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April 22, 2019

Wildwood mayor says Kate Smith's 'God Bless America' will still be played on boardwalk this summer

Controversies Kate Smith
Carroll - Wildwood Boardwalk Thom Carroll/PhillyVoice

The boardwalk in Wildwood, NJ.

In the wake of the controversy over the legacy of singer Kate Smith, Wildwood Mayor Ernie Troiano Jr. said Monday he will not stop playing her rendition of "God Bless America" on the Wildwood Boardwalk.

Troiano Jr. appeared on the Dom Giordano Show on 1210 WPHT Monday morning to discuss the fallout of the New York Yankees' and Philadelphia Flyers' decisions to end their associations with Smith.

The two professional sports teams, which had a tradition of playing Smith's "God Bless America" at their home venues, decided to distance themselves from singer because of other songs in her discography containing racial epithets. 

In South Philadelphia, the Flyers removed a statue of Smith, who was awarded the Presidential Medal of Freedom in 1982.

“I’m a small town mayor, and I look at what’s happening to the world and it’s amazing how everyone wants to rewrite history," Troiano Jr. said. "Nobody wants to allow history to be an educator or a teacher to help us improve in the future."

RELATED: Why both the Flyers and their anti-PC haters are right (and wrong) in the Kate Smith saga

Calling the song patriotic, Troiano Jr. added that the sudden maligning of Smith sets a dangerous precedent.

"We’re going to change history. What we don’t like, we’re going to just erase," Troiano Jr. said. "It’s whoever’s offended at that time is the one that’s pushing the issues.”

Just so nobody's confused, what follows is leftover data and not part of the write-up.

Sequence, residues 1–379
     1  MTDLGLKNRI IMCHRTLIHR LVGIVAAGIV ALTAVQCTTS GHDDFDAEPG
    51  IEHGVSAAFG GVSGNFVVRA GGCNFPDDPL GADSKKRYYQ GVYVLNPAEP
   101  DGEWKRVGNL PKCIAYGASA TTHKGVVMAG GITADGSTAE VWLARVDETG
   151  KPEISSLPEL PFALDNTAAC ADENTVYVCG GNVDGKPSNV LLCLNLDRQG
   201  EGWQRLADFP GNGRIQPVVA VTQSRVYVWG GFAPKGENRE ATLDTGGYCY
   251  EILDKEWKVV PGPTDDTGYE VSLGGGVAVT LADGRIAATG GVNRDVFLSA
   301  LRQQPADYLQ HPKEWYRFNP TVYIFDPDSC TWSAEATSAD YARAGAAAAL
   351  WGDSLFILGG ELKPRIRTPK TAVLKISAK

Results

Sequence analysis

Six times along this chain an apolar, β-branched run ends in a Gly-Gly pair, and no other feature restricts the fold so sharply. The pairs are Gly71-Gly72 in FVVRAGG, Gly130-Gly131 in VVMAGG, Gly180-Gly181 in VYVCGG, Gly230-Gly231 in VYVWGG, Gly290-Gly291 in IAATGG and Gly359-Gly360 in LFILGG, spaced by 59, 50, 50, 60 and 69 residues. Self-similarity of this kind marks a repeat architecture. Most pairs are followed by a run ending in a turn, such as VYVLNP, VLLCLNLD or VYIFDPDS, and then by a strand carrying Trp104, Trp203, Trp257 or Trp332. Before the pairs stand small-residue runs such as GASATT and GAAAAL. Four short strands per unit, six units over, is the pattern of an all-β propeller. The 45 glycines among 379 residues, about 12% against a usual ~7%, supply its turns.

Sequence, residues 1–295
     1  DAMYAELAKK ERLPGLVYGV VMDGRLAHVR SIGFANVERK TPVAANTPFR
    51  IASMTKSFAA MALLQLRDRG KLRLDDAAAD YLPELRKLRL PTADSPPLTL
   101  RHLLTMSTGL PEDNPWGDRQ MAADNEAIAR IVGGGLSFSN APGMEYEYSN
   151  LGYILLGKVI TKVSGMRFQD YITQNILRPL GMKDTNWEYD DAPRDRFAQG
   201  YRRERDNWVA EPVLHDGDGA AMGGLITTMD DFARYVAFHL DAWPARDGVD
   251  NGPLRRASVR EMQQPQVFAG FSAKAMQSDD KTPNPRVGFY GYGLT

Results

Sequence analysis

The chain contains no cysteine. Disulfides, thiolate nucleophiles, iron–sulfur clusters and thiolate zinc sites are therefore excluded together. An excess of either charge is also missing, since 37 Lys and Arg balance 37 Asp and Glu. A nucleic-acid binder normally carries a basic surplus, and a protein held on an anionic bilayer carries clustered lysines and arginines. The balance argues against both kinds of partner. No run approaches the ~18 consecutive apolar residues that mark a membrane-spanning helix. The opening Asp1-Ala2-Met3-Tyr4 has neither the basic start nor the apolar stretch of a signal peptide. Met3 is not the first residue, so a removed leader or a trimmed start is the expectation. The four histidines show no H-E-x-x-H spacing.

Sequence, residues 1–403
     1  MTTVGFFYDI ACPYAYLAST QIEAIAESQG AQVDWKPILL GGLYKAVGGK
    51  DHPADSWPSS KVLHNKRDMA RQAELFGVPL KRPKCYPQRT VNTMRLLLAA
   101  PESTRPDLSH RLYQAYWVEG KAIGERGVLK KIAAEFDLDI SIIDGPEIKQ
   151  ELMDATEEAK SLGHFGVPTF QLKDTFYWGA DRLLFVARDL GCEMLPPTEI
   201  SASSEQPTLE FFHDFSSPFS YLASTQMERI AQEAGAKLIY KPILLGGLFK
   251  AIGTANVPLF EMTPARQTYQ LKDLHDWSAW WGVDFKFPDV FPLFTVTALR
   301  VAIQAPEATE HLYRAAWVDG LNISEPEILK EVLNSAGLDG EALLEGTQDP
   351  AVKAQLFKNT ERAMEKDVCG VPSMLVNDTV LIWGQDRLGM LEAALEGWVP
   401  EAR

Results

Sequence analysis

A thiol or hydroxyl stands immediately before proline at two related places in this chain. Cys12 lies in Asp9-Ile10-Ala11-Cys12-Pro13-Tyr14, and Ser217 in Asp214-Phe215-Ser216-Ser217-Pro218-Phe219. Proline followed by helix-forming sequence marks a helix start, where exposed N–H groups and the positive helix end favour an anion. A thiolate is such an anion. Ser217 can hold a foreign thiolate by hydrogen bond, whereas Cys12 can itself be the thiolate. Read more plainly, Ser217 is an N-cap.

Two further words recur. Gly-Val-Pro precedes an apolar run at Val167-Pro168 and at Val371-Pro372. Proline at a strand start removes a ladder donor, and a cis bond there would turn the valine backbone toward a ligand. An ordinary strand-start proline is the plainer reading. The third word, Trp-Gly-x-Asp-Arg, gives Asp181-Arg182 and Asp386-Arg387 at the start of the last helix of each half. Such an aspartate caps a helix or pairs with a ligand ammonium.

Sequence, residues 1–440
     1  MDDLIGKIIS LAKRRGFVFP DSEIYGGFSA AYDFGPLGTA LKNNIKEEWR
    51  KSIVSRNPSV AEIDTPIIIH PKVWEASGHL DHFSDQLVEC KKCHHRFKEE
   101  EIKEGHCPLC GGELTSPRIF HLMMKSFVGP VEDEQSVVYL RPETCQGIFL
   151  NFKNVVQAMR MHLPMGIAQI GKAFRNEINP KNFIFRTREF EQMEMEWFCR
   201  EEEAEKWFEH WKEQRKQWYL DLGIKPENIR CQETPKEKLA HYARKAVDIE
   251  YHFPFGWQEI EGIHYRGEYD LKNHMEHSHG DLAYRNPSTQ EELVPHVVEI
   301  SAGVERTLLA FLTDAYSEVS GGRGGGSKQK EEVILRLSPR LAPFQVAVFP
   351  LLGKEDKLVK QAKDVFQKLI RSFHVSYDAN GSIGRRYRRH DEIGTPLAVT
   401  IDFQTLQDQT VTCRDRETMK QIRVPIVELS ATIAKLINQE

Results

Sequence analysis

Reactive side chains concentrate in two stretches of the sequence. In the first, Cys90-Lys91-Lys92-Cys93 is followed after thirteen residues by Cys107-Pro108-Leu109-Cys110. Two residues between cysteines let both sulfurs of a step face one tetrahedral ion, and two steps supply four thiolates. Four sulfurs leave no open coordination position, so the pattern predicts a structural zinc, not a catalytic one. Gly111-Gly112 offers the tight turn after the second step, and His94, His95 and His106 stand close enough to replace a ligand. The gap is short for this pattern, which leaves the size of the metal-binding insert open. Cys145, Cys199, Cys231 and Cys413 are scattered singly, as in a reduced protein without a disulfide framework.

The mayor echoed other critics who have pointed out that one of the controversial songs in question, "That's Why Darkies Were Born," was a satirical Broadway piece co-performed by Paul Robeson, a prominent African-American entertainer and athlete. He questioned why some rap music hasn't been banned for some of its derogatory references to women.

"We have no intentions of removing ('God Bless America')," Troiano Jr. said. "It's not a statement that we don't understand what's going on, or we're ignorant to the history and all that. We understand the history, but the world's gotten so politically correct and so afraid that they're going to offend somebody ... well, you know what? The song is greater than anything, so it will continue to play in Wildwood." 

The Flyers said in a statement that the organization's decision was a reflection of changing times and the principle that hockey is for everyone.

Family members of Smith, who died in 1986, have said they are "appalled" by the Flyers' decision to take down the statue. 

Troiano Jr. suggested that those who are easily offended learn to "get over it."

"Learn from your mistakes and move forward," Troiano Jr. said.